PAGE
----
BirdLife International. 2015. European Red List of Birds. Office for Official Publications of the European Communities, Luxembourg.
Breeuwer, A., Berendse, F., Willems, F., Foppen, R., Teunissen, W., Schekkerman, H. and Goedhart, P. 2009. Do meadow birds profit from agri-environment schemes in Dutch agricultural landscapes? Biological Conservation 142: 2949-2953.
Chiron, F.; Filippi-Codaccioni, O.; Jiguet, F.; Devictor, V. 2010. Effects of non-cropped landscape diversity on spatial dynamics of farmland birds in intensive farming systems. Biol. Conserv. 143: 2609-2616.
del Hoyo, J., Elliott, A., and Sargatal, J. 1996. Handbook of the Birds of the World, vol. 3: Hoatzin to Auks. Lynx Edicions, Barcelona, Spain.
Devereux, C. L.; McKeever, C. U.; Benton, T. G.; Whittingham, M. J. 2004. The effect of sward height and drainage on Common Starlings Sturnus vulgaris and Northern Lapwing Vanellus vanellus foraging in grassland habitats. Ibis 146: 115-122.
Eggers, S.; Unell, M.; Pärt, T. 2011. Autumn-sowing of cereals reduces breeding bird numbers in a heterogeneous agricultural landscape. Biol. Conserv. 144: 1137-1144.
Grishanov, D. 2006. Conservation problems of migratory waterfowl and shorebirds and their habitats in the Kaliningrad region of Russia. In: G. Boere, C. Galbraith and D Stroud (eds), Waterbirds around the world, pp. 356. The Stationary Office, Edinburgh, U.K.
Hayman, P.; Marchant, J.; Prater, A. J. 1986. Shorebirds. Croom Helm, London.
Hubalek, Z., Skorpikova, V.; Horal, D. 2005. Avian botulism at a sugar beet processing plant in South Moravia (Czech Republic). Vetinarni Medicina 50(10): 443-445.
IUCN. 2016. The IUCN Red List of Threatened Species. Version 2016-3. Available at: www.iucnredlist.org. (Accessed: 07 December 2016).
IUCN. 2017. The IUCN Red List of Threatened Species. Version 2017-1. Available at: www.iucnredlist.org. (Accessed: 27 April 2017).
Jackson, D. B. 2001. Experimental Removal of Introduced Hedgehogs Improves Wader Nest Success in the Western Isles, Scotland. Journal of Applied Ecology 38(4): 802-812.
Johnsgard, P. A. 1981. The plovers, sandpipers and snipes of the world. University of Nebraska Press, Lincoln, U.S.A. and London.
MacDonald, M. A.; Maniakowski, M.; Cobbold, G.; Grice, P. V.; Anderson, G. Q. A. 2012. Effects of agri-environment management for stone curlews on other biodiversity. Biol. Conserv. 148: 134-145.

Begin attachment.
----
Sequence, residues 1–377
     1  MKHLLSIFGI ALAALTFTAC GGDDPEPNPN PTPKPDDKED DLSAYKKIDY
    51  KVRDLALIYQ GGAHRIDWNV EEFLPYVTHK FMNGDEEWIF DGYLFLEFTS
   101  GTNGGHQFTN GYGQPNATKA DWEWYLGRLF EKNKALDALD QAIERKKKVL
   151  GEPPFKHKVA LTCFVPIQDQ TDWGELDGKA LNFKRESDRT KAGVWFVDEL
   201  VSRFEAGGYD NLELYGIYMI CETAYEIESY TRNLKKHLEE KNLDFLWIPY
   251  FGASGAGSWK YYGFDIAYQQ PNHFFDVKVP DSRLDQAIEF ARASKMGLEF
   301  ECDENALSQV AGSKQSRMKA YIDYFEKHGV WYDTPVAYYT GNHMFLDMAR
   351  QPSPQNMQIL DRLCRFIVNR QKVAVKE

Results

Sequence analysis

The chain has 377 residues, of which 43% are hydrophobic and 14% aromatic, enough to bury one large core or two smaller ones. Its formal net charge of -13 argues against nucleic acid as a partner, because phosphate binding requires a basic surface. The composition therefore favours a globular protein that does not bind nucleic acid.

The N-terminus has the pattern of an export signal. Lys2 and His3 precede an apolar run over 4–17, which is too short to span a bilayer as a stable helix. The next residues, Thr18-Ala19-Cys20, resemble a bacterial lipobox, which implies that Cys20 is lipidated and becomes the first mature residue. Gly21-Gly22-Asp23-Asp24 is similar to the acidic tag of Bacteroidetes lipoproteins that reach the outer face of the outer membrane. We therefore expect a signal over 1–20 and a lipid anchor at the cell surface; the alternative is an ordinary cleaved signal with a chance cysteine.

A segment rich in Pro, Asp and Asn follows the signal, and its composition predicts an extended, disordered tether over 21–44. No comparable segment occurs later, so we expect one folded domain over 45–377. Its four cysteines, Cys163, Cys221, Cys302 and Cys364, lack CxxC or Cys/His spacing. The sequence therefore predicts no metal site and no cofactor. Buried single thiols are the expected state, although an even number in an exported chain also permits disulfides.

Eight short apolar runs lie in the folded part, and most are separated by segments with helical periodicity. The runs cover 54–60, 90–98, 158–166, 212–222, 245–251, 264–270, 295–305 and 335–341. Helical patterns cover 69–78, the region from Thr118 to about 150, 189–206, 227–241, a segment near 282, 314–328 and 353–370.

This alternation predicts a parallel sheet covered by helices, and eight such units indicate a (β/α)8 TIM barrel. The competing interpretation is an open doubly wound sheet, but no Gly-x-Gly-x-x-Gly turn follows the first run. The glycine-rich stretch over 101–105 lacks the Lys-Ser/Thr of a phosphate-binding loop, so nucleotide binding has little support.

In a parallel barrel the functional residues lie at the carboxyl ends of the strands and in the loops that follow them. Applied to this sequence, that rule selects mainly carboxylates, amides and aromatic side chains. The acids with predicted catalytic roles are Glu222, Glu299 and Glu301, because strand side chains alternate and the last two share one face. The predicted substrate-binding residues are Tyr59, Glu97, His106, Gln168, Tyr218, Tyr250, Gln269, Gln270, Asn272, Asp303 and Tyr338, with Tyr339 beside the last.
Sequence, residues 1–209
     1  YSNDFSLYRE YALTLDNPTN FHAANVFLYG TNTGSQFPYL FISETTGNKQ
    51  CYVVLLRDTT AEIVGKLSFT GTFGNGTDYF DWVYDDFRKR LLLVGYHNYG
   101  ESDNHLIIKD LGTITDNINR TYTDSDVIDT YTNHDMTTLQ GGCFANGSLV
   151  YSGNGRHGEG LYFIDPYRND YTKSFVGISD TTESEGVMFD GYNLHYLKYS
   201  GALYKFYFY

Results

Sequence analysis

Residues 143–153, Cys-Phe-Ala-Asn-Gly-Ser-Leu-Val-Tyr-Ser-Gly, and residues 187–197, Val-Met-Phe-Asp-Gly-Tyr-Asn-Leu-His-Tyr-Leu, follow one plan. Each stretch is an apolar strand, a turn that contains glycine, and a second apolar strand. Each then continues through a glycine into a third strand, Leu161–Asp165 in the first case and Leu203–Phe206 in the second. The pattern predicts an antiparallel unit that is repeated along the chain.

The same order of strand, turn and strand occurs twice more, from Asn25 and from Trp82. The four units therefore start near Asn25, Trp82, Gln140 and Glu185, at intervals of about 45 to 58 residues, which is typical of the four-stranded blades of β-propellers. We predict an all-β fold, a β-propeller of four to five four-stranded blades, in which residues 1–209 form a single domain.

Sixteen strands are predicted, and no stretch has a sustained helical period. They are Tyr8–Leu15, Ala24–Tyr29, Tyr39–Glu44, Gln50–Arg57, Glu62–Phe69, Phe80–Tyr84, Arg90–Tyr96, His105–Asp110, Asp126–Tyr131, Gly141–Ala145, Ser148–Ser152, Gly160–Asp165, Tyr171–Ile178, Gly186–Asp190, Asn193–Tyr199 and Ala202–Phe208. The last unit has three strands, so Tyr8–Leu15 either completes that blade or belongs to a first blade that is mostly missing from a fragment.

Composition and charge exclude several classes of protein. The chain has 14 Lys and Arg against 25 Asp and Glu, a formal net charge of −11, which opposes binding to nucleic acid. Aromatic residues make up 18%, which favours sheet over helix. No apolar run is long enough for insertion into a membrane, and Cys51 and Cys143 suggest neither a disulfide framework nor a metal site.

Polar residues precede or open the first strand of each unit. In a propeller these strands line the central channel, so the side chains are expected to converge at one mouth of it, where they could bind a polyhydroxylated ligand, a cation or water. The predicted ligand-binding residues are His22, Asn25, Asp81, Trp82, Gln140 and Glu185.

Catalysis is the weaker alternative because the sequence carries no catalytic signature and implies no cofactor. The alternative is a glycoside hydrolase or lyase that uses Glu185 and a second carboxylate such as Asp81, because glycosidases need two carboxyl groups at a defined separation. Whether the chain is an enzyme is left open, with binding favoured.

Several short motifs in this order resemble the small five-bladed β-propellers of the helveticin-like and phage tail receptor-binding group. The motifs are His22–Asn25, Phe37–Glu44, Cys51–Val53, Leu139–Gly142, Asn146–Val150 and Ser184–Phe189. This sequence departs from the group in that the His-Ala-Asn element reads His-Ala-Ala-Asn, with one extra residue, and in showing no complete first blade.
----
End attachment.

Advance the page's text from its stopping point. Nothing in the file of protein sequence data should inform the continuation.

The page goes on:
Nagy, S., Flink, S. and Langendoen, T. 2014. Waterbird trends 1988-2012: Results of trend analyses of data from the International Waterbird Census in the African-Eurasian Flyway. Wetlands International, Ede.
Peach, W. J.; Dodd, S.; Westbury, D. B.; Mortimer, S. R.; Lewis, P.; Brook, A. J.; Harris, S. J.; Kossock-Philip, R.; Buckingham, D. L.; Chaney, K. 2011. Cereal-based wholecrop silages: A potential conservation measure for farmland birds in pastoral landscapes. Biol. Conserv. 144: 836-850.
Petersen, B.S. 2009. European Management Plan 2009-2011: Lapwing Vanellus vanellus.
Snow, D.W. and Perrins, C.M. 1998. The Birds of the Western Palearctic, Volume 1: Non-Passerines. Oxford University Press, Oxford.
Trolliet, B. 2003. Elements for a lapwing (Vanellus vanellus) management plan. Game and Wildlife Science 20((1-2)): 93-144.
Urban, E.K., Fry, C.H. and Keith, S. 1986. The Birds of Africa, Volume II. Academic Press, London.
Wetlands International. 2012. Waterbird Population Estimates: Fifth Edition. Summary Report. Edited by Taej Mundkur and Szabolcs Nagy. Wetlands International, Wageningen, The Netherlands.
Wetlands International. 2015. Waterbird Population Estimates. Available at: wpe.wetlands.org. (Accessed: 17/09/2015).
Wiersma, P. and Sharpe, C.J. 2015. Northern Lapwing (Vanellus vanellus). In: del Hoyo, J., Elliott, A., Sargatal, J., Christie, D.A. and de Juana, E. (eds), Handbook of the Birds of the World Alive, Lynx Edicions, Barcelona.
|Citation:||BirdLife International. 2017. Vanellus vanellus (amended version of 2016 assessment). The IUCN Red List of Threatened Species 2017: e.T22693949A111044786.Downloaded on 25 April 2018.|